Once you have created stock in your start-up and have assigned it a par value, the next step is to determine who gets the stock. Generally speaking, there are three classes of individuals who will receive stock in the start-up: Founders, key employees, and investors. The category of investors is somewhat complicated as there are many different types of investors and different stock option compensation packages, so this article will only focus on stock grants to founders and key employees of the start-up.
As discussed in the previous entry, most start-ups choose to create 10 million shares of common stock. It is important to note that not all of this stock will be distributed to the start-up Founders, key employees, and investors. The stock that is kept in reserved is generally considered to be in a stock option pool. Another way to think of this is as a savings account containing stock. If at any time in the future, the stock is needed, it can easily be distributed.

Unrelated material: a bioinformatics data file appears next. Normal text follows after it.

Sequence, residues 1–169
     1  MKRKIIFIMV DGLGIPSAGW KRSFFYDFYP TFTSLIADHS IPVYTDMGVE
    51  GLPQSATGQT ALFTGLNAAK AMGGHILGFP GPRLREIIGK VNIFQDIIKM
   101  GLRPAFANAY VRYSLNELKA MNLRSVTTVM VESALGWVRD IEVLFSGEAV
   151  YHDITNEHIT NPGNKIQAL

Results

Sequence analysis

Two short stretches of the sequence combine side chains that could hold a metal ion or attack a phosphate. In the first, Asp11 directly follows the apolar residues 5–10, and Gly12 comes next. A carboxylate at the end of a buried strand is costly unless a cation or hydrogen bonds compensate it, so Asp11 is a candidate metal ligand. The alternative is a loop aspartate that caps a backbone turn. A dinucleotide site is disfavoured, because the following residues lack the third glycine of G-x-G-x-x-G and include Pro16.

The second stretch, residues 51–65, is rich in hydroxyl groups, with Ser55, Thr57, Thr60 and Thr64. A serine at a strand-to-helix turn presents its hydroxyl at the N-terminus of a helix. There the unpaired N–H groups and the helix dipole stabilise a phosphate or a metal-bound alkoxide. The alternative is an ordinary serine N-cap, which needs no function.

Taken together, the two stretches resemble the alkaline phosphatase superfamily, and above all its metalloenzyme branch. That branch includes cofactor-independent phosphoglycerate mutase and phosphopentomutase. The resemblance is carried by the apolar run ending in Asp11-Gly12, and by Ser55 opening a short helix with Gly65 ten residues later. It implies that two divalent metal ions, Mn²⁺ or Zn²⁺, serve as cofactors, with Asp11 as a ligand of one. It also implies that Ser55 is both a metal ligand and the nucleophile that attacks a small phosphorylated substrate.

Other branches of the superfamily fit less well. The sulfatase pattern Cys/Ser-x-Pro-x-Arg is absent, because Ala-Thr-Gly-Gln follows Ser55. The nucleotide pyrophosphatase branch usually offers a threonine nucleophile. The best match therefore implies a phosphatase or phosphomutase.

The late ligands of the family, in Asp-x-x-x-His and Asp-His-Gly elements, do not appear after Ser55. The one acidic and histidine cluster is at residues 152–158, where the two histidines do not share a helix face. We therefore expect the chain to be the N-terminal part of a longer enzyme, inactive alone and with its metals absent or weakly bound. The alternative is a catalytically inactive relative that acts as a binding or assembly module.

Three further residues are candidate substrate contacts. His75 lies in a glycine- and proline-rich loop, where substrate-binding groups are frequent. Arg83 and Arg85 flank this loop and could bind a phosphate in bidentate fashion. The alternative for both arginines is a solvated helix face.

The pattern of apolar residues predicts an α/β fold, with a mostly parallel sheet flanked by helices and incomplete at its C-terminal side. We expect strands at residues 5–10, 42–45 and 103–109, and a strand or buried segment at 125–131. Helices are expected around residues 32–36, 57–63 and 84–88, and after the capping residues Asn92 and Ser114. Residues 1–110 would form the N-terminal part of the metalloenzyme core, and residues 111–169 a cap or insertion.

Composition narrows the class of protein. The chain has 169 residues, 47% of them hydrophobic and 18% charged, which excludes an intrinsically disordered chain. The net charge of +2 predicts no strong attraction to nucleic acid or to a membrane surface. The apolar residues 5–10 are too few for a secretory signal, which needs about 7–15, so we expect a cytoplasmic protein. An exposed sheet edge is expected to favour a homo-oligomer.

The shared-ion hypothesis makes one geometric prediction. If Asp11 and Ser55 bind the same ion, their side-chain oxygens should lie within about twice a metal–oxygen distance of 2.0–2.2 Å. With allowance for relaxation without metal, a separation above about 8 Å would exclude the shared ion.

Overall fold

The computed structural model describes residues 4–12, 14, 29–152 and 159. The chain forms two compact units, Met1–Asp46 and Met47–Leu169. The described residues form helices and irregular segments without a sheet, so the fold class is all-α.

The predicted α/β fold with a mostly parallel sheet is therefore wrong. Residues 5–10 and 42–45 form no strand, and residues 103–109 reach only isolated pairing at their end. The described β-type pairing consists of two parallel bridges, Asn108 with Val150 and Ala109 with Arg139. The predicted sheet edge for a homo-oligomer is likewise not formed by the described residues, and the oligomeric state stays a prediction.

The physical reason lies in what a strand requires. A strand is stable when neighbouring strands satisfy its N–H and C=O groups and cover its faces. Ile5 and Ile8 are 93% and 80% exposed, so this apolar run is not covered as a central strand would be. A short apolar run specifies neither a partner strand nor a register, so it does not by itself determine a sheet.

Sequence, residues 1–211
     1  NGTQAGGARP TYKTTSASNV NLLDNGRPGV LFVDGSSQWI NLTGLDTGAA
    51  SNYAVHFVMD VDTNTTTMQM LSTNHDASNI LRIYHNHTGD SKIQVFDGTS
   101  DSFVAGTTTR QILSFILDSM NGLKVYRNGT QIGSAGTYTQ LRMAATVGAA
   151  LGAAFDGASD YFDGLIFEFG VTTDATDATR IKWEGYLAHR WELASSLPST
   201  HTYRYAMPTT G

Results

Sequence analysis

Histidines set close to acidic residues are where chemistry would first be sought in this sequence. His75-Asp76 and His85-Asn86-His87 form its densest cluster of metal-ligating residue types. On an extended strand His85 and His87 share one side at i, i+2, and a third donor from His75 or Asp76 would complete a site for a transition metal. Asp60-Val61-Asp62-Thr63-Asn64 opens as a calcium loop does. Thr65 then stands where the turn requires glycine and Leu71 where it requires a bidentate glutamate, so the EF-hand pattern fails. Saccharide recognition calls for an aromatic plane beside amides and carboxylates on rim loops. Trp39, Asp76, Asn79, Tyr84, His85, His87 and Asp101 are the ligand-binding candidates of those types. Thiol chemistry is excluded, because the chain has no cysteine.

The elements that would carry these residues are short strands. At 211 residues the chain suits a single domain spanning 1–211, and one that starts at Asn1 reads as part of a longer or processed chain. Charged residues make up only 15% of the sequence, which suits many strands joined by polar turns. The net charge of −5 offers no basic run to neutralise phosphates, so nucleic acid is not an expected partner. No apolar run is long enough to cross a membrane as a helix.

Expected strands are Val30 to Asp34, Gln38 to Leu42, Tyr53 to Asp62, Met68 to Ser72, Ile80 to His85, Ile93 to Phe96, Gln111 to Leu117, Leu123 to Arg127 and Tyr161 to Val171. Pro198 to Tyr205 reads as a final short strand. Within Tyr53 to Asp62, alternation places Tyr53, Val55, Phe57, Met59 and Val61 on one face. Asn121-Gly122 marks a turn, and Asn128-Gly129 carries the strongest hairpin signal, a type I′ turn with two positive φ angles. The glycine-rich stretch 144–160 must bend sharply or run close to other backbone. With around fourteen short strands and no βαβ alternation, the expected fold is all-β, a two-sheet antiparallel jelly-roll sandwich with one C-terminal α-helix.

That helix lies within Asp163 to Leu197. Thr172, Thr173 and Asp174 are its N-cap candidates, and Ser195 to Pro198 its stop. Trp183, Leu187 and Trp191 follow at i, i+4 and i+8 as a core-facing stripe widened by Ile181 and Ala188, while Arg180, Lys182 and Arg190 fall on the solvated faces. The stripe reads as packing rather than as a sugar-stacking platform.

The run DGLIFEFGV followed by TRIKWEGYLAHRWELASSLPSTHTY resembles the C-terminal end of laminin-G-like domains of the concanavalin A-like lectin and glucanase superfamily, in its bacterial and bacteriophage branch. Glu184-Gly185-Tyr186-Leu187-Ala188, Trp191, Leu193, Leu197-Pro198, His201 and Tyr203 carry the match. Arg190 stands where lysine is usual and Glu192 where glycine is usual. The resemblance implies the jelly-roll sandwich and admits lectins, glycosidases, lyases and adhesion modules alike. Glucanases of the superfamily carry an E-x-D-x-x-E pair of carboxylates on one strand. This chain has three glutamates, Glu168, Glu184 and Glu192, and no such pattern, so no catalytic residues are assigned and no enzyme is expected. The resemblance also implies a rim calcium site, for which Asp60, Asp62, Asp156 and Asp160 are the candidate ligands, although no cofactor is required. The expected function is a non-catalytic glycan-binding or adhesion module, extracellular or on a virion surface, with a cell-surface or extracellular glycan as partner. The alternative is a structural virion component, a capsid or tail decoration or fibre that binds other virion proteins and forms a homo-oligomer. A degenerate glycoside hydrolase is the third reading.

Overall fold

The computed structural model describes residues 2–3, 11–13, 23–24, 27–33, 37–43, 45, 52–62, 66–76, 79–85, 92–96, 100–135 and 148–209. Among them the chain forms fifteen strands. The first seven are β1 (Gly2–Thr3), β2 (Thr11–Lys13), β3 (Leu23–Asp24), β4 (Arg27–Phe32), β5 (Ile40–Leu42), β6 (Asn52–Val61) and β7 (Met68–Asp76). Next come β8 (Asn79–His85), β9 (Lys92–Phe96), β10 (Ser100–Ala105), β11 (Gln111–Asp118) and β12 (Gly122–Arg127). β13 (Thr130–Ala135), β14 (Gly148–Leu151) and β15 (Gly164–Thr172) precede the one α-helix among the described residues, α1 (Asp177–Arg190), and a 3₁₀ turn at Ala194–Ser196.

Founders of the start-up often represent the Board of Directors, and as such it is wise to grant the Founders an amount of stock that will create a majority interesting. The amount of stock given to key employees various by each employee and is at the discretion of the Board of Directors.
Finally, when granting stock in the start-up it is also reccomended that Founders and key employees are not given all of their stock at once. Instead, they earn it over the course of about four years. This helps to ensure everyone remains with the start-up during its growth, and provides protection to the start-up in case a Founder leaves soon after incorporating.